I wake up in the back seat of a car after having come to a stop. I check my watch and realize it has been nearly twenty four hours since Molly and I went our separate ways and I decided to lay low at a friends house. My clothes are soaking in sweat from being in the car for so long. I remember paying this man and his friend two hundred dollars to drive me back to central Austin, back to a specific address. I don’t remember talking to him much or his friend. Something about last night’s rave at the anime con and a guy who got robbed at gun point in the parking lot for his cash and gundam figurines. My contributions to the conversations were short, monotone phrases of something approaching these sorts responses mostly being: “Wow.” “That’s fucked up.” “Did that really happen?” “It is what it is, dude.” After the first hour of the driving around and hanging out in their apartment throughout the day they stopped talking to me and continued the agonizing, stream-of-consciousness level of conversation with each other. I was tired, not interested in discussing the latest season of Soul Eater, or the most recent post on Sankaku Complex. I closed my eyes and saw the dealer’s rooms, cosplayers and laser light above the dance floor drift in and out of my subconscious. Then I saw the woman kill that man on the live camera feed and I began to feel sick to my stomach.
“So,” The guy lets the word drag on unnecessarily to fill the silence. “This is the spot, right?”
I look over and see my old middle school. Now a long, dark, ominous, single-story, red brick building, with black windows that suggested something terrifying was hidden inside them. I forgot how afraid I was of the dark.
“Hey,” The other guy snapped. “We have to get to San Antonio by midnight. You have the other half of the money?”
I realize, turning to face him; that I didn’t remove the aviator shades from my face and I was seeing everything in a darker tint.
“Sorry,” The word comes out dry, like sandpaper, as I reach into my back pack and pull out the second hundred that I promised for their service. The second guy snatches it from me, happy to receive the money.
“Thank you,” I say in the dry sawdust voice again and step out of the car.
“Hey, man,” The driver rolls down his window and looks at me. He seems genuinely concerned. “We can drive you to your place, man. You don’t need to give us some random address.”
I look at him through my shades, trying to see the angle in what he’s offering. I glance at my reflection from the passenger door mirror and I see a guy in white shorts, white button up, black fingerless biker gloves and lips pursed. I look like a burnout or somebody trying too hard to impress strangers. Either stereotype might fit, since it all adds up to someone dying for attention or a man looking for sympathy by feeling the need to bribe people he doesn’t know for rides. I probably know what the real answer is, but I’m too afraid of going there. It’s a level of introspection not worth the price of facing who I really am. That’s for other people to make assumptions about.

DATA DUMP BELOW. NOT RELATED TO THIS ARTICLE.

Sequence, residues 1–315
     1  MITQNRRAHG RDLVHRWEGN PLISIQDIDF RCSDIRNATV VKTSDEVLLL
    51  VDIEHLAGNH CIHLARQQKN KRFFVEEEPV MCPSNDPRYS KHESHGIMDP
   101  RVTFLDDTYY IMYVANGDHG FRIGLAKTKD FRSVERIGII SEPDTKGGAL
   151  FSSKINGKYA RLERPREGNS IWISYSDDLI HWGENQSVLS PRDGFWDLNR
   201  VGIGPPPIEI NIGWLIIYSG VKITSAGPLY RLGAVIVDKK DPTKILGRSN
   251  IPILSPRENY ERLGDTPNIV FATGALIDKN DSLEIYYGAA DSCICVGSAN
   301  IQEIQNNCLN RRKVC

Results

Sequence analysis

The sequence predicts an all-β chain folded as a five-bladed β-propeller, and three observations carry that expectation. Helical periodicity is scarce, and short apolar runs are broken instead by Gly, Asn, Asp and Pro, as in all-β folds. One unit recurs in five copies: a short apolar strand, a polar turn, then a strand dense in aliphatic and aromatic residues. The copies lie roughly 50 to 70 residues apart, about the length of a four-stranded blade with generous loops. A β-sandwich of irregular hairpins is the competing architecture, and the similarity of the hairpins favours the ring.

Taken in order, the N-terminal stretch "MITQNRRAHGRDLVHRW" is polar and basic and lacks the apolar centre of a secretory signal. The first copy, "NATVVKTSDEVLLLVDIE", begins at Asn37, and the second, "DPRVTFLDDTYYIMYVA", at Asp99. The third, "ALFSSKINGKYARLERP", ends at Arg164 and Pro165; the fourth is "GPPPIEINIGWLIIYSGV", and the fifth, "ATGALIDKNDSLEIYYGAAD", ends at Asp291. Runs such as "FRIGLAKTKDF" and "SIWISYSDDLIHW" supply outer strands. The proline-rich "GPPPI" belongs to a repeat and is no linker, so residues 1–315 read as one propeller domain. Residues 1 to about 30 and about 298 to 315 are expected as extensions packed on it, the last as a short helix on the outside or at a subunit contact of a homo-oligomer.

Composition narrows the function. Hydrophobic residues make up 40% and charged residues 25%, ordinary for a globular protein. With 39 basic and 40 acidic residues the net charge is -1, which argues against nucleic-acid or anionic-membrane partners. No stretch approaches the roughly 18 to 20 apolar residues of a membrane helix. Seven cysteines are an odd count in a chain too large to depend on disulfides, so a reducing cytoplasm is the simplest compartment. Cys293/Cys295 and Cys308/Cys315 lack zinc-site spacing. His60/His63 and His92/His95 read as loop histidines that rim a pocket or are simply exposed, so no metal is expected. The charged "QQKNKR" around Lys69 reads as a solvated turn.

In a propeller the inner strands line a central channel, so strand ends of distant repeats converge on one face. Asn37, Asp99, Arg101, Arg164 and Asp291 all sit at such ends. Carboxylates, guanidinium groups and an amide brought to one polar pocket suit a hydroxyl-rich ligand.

“No, I’ll be okay.” I sling the backpack over my shoulder and start walking.
The car pulls away and heads down the nearest avenue, presumably towards I-35, south, to San Antonio.
I walk in the dark back to my mom’s house, mentally counting up the money that I made. After the hotel room, convention badge, food, the burner phone and transportation, I had made a 2,300 dollar profit. Better than expected, but I probably could’ve roomed with somebody to cut costs. Maybe I can room with a client next time.
I see the porch light on when I reach the house. The rest of the street is dark, which should strike fear in me, but the shades help alleviate that. I am not here, I tell myself. I can see through the large window that the television is on, my sister is home. I walk up to the door and go inside.
My sister glances up at me and returns to her reality TV show, something about housewives.
“Hey,” She says in between the bites of a sandwich. “How was that anime con, or whatever?”
“It was cool,” I sound a lot clearer, moister returning to my throat.
She looks at me in an odd way and I remember that I’m still wearing my shades.
“Why are you wearing sunglasses?” She asks. “It’s, like, ten at night.”
I laugh and take them off.
“Sorry, it was a joke,” I say, trying to smile.
I hear my mom coming in from the kitchen.
“Hey, Eric! How was your trip to Dallas with Neal?” She seems happy to see me. She’s stirring something in a bowl and wearing a cream colored apron over a green shirt, with matching slippers and black yoga pants.
“It was good, really cool. We just hanged out in the hotel room and helped out moving equipment in the dealer’s room for the sellers.”
My mom looks off to the side and nods her head, I can’t tell if she’s expecting more for me to say or is confused, but accepting my answer.
“Sounds interesting,” She says, her stirring slowing down a fraction. She looks up at me and smiles again “Well, dinner is already prepared, so you can have it now if you want.”
I nod, thanking her, and head to my room.
Copyright © 2017 Philip N.R Hauser